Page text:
FRIDAY NIGHT LIGHTS Review – “The Confession” (Season 2 Episode 9)

FRIDAY NIGHT LIGHTS - Adrianne Palicki as Tyra Collette and Jesse Plemons as Landry Clarke in “The Confession”

So Street’s discriminatory act against the brunette with the urophilia fetish results in a serendipitous romance. The waitress he asks to bail him out from his hell date (I guess won’t use his testimony) seems very likeable and their resulting romantic connection seems as genuine and promising as Saracen’s and Carlotta’s.

And thank God for cradle-robbing Carlotta. Saracen is such a glutton for bad romantic advice that this episode of FRIDAY NIGHT LIGHTS, “The Confession,” finds him yet again listening to Smash. But just before he tries to parrot Smash’s Mack Daddy-isms to Carlotta, she recognizes that he’s about to say something stupid and heads him off at the pass:

“I think I am going to teach you to make Mole,” she says.

And with that simple sentence she manages to stop a perpetually awkward and hesitant Saracen from inserting his foot squarely into his pie hole.

For that piece of skill, men everywhere are in love with Carlotta – because all we really want from our women is for them to anticipate our hurtful utterances and stop us before we say them. Because if a man says something to a woman and that something could be taken one of two ways, one of which will make her cry, then he meant it the other way. Carlotta gets that and that’s why Saracen is a lucky so and so. The rest of you women – watch and take notes.

FRIDAY NIGHT LIGHTS - Zach Gilford as Matt Saracen in “The Confession”

And there is so much to learn from Friday Night Lights people. For instance, guys, if you’re not one of the cool kids at school and you have a thing for the hot girl, forgot about winning her over with your math skills and all that highfalutin’ learnin’, try, even though you don’t possess an ounce of athletic ability, to make the football team instead; and if that doesn’t work, kill the guy that’s trying to rape her. It’s that easy. Otherwise, you may have to settle for going steady with pee pee chick.

Anyway, I was glad to see Tyra show her deep affection for Landry who confesses to murder (damn, white folk can’t even go to jail when they say: “I did it.”)

But why am I happy to see Tyra show the most decent kid on TV love? Because Landry worships the ground she walks on, and in the long run, when she’s old and gray and full of sleep and nodding by the fire, thinking of how many loved her moments of glad grace, and loved her beauty with love false or true; Tyra will remember that it was Landry who loved her pilgrim soul, and the sorrows of her changing face (with apologies to William Butler Yeats).

But enough about Landry, except to say this last thing: his decency is highly commendable, if not bordering on stupid, and Tyra would be foolish not to hold on to a man like that with both hands. The man you’ve been dreaming about is under your nose Tyra baby, try not to get distracted by the fact that he doesn’t look like Riggins.

What else happened last night? Let’s see Santiago threw Buddy (who gets his daddy mojo back), the “I hate you” tantrum on the way to his first game, which makes Santiago the male Julie.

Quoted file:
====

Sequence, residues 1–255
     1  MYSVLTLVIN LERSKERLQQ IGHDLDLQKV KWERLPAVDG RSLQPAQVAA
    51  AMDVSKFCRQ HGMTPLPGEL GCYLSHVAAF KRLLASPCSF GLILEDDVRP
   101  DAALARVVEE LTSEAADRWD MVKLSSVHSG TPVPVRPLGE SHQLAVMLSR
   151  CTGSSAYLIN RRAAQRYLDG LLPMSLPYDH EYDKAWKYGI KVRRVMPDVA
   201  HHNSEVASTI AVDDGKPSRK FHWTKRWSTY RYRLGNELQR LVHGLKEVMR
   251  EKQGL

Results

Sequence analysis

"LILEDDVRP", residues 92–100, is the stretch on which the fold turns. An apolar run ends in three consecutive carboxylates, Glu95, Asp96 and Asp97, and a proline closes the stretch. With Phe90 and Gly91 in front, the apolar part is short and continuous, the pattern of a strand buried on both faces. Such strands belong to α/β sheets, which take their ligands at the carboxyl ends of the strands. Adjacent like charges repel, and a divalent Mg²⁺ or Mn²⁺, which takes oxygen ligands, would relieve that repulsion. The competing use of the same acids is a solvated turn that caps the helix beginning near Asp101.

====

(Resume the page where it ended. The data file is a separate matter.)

Santiago however triumphantly channels the aggression and frustration he unleashes on Buddy into his first sack of the season; and FNL director, Peter Berg, does a good job of showing how Santiago’s heightened senses in the swirling, heady aftermath (of what has been his greatest athletic and emotional achievement) confirms his feeling of belonging to something positive.

FRIDAY NIGHT LIGHTS - Aimee Teegarden as Julie Taylor in “The Confession”

Julie, facing her own sense of rootlessness, rebuilds her bridge with Tami after weeks of that eternal struggle between young estrogen and old estrogen but only after Tami, the adult, apologizes first, which is so American. But it was nice to see Tami finally win back her daughter from Shelley’s clutches. It was an important step towards healing, just as Julie’s steps were similarly crucial when she finally talked to her dad and mom about feeling overwhelmed by all the tension and stresses attendant on the approach of young adulthood.

But for all the familial conflicts, at least Julie is under adult supervision. Not so for Riggins, who finally realizes that Ferret Guy is not just a meth dealer but also crazy, which Riggins would have seen a lot sooner if he wasn’t raised by a football. However it seems, Riggins, who moves in to Coach Taylor’s garage, will be fine – at least until high school finishes, at which point he may realize that he peaked at 17.

And so it is that the various storylines and the immediacy of their various crises have been more or less neatly tied up until 2008. I say more or less because, one thing in particular didn’t sit well with me. And yes, it breaks my heart to say this, but I think Julie softened towards her mom a little too quickly to be convincing. But I blame this quick wrap up of that story line on the writer’s strike.

So where next for the little show that could? The one that Stephen King in his Entertainment Weekly column calls a soap opera with “purdy” high schoolers.

Beats me to tell you the truth. How long can these kids be seniors? Where can the storylines go next?

I guess we’ll just have to wait and see.